Book Review: “John the Fearless” by Richard Vaughan

This book is the second in the series of four by Richard Vaughan on the Valois Dukes of Burgundy. The subtitle for this volume is “The Growth of Burgundian Power”. In the first book about John’s father Philip the Bold, Vaughan recounts how the Valois gained ownership of the duchy and county of Burgundy as well as other properties and the formation of the Burgundian state. This book details how John the Fearless enlarged that state.

John the Fearless is the most fascinating of the Burgundian dukes for me so far. It was during his tenure as duke that much of what is now the Low Countries came under Burgundian control. John was also a major player in the conflicts of the kingdom of France under the mad King Charles VI. John believed he had the right to act as regent during the king’s illnesses and he wasn’t about to let anyone stand in his way. He even went so far as to have the king’s brother Louis, Duke of Orleans murdered in the streets of Paris at night in 1407. This was considered a most shocking act. Most importantly, he never was forced to officially pay for the crime.

John’s reign as duke is filled with warfare, treachery, murder, mayhem, mistresses and illegitimate children. John gained his soubriquet “the Fearless” after a murderous battle he won over the rebellious subjects of the city of Liège on the field of Othée in what is now Belgium. In a chapter entitled “The Means to Power”, Vaughan goes into meticulous detail about the finances, the civil service and the Burgundian army. Some may find this dry material but I found it to be intriguing. There is even a chapter on how John’s wife Margaret of Bavaria ruled Burgundy on his behalf while he engaged in empire building elsewhere.

The last chapter concerns the assassination of John the Fearless on the bridge of Montereau in 1419. This came about due to John’s active interference in the government of France. He made many enemies due to his calculated murder of the Duke of Orleans. And the Dauphin Charles (the future King Charles VII) sided with the Duke’s enemies, the Armagnacs from the French civil war. Vaughan states there are many versions of the assassination on the bridge that create much confusion. But he has scrutinized all the sources and come up with common themes and consistencies to figure out the true course of events. For him, there is no doubt the murder was meticulously planned and the Dauphin, whether he delivered any real blows or not, was responsible for the outcome.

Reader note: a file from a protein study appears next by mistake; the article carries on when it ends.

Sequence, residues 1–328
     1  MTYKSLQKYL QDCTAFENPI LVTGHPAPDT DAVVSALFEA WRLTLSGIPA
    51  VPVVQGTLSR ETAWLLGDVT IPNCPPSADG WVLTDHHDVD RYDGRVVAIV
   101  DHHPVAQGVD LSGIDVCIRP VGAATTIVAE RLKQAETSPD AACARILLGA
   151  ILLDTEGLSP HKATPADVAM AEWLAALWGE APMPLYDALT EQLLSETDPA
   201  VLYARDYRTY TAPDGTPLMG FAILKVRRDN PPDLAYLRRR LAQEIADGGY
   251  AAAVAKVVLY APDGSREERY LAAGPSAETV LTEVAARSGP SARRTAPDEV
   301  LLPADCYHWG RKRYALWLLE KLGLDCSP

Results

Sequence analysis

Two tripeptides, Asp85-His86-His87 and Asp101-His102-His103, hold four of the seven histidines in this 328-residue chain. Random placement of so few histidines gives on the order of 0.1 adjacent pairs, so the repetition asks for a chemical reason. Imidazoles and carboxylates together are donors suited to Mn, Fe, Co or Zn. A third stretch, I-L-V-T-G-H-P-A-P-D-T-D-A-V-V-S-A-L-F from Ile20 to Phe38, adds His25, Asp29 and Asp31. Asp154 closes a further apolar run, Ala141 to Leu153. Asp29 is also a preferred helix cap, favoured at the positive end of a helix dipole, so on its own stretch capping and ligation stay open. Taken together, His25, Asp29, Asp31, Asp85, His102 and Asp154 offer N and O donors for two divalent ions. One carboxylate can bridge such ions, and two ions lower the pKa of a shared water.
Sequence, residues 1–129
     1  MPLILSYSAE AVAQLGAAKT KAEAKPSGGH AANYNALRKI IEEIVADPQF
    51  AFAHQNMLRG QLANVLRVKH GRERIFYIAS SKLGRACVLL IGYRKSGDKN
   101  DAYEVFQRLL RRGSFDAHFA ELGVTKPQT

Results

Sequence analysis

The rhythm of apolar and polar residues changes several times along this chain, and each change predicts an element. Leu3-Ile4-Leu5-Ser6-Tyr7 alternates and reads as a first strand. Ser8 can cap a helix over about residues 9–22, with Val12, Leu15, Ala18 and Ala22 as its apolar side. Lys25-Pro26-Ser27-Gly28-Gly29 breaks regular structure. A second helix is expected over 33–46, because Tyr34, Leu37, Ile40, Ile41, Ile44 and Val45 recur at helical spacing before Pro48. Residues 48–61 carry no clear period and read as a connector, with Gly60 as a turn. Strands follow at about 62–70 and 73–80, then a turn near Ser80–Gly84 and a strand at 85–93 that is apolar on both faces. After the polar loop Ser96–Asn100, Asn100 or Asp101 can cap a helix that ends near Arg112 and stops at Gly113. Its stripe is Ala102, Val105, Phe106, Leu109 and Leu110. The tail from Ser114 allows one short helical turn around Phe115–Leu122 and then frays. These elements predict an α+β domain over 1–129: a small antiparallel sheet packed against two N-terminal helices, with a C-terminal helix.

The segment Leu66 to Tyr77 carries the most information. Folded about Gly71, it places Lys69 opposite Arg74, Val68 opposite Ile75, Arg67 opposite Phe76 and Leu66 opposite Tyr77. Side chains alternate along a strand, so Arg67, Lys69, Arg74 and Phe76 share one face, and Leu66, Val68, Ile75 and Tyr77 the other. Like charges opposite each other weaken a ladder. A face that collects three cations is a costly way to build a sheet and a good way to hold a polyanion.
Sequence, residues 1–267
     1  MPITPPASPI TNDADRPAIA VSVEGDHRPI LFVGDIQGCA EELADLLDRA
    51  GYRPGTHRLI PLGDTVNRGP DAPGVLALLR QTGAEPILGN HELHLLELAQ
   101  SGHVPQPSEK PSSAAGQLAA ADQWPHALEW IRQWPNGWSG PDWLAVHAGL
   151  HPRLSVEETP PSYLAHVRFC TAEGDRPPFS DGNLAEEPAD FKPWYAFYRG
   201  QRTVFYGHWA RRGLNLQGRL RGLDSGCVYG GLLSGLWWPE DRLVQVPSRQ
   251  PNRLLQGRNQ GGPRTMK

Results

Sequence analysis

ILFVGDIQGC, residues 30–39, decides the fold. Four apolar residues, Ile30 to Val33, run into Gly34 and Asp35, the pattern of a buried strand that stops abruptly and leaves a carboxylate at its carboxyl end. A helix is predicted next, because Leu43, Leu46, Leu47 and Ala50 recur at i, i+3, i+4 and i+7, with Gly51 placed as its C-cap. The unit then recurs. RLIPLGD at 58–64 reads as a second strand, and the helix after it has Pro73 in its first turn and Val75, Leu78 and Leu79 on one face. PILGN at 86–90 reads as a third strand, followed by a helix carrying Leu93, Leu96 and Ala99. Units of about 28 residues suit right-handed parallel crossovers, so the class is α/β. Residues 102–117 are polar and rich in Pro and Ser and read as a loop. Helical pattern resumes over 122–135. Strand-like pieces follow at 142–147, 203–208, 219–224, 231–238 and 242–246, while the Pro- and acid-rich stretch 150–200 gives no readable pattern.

I find there is nothing better than French medieval history. This book is easy to read and jam-packed with detail and absorbing stories about an eccentric if not deranged personality. Moving on to read about John the Fearless’ son Philip the Good.

Book Review: “Philip the Bold” by Richard Vaughan

It really was not my intention to read the four volume series on the Dukes of Burgundy by Richard Vaughan. However, I was looking at the first volume on Philip the Bold for some research on an article and found it to be quite interesting. It seemed worthwhile so I started reading it. The subtitle for this one is “The Formation of the Burgundian State”.

Richard Vaughan did extensive research on the four Valois Dukes of Burgundy in the late fifties and the four volumes were published in the early sixties. They were republished in paperback in 1979 and again in 2002 with reprints three more times since then. They are readily available from any bookseller and some will even give a discount for buying all four. There are copious sources for the history of this time period as the Burgundian dukes and the Flemish state kept meticulous records, many of which still exist. It is obvious Vaughan methodically pored over these primary sources and studied secondary sources as well.

Vaughan clearly states in his introduction this is not meant to be a standard biography of Philip the Bold. He was more interested in describing Philip’s policies, his administration, his court and his finances and to depict Burgundy as a European power. Vaughan begins with the backstory of how the original Duke of Burgundy’s dynasty died out and how King John the Good of France, for all intents and purposes, gave the duchy and county of Burgundy to his younger son Philip. This is the beginning of the Burgundian state as defined by Vaughan. Philip used different methods and processes to increase his power and territories. These include marriage alliances, expansion, diplomacy and inheritance.

The author addresses how Philip added Flanders and other counties and cities to his territories, how he administered them and his finances. There are many charts and spreadsheets in the book about the finances of the duke. Some may find this tough going and dry material but I actually found it fascinating. Vaughan argues Philip couldn’t have expanded his territories without the help of the French crown and these tables illustrate that vividly. The book includes several maps exemplifying Philip’s holdings and an extensive bibliography.

Vaughan’s writing is fast-flowing and easy to read. Even though it is not a conventional biography, it is possible for the reader to clearly grasp the personality of the duke. The book is a pleasure to read and I learned a lot. Looking forward to volume two, John the Fearless.